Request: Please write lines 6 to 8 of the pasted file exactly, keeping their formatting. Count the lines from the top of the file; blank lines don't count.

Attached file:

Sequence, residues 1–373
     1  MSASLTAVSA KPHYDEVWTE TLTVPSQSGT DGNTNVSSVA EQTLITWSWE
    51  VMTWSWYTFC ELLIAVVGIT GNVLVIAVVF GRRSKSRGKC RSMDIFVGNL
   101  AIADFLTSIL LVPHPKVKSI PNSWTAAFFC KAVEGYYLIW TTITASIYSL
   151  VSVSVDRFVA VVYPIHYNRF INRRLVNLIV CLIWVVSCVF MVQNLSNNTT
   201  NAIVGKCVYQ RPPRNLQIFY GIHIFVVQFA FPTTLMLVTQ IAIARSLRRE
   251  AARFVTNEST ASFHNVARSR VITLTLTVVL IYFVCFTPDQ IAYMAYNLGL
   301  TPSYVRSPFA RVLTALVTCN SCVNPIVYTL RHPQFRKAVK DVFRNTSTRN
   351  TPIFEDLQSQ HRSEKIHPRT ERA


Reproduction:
   201  NAIVGKCVYQ RPPRNLQIFY GIHIFVVQFA FPTTLMLVTQ IAIARSLRRE
   251  AARFVTNEST ASFHNVARSR VITLTLTVVL IYFVCFTPDQ IAYMAYNLGL
   301  TPSYVRSPFA RVLTALVTCN SCVNPIVYTL RHPQFRKAVK DVFRNTSTRN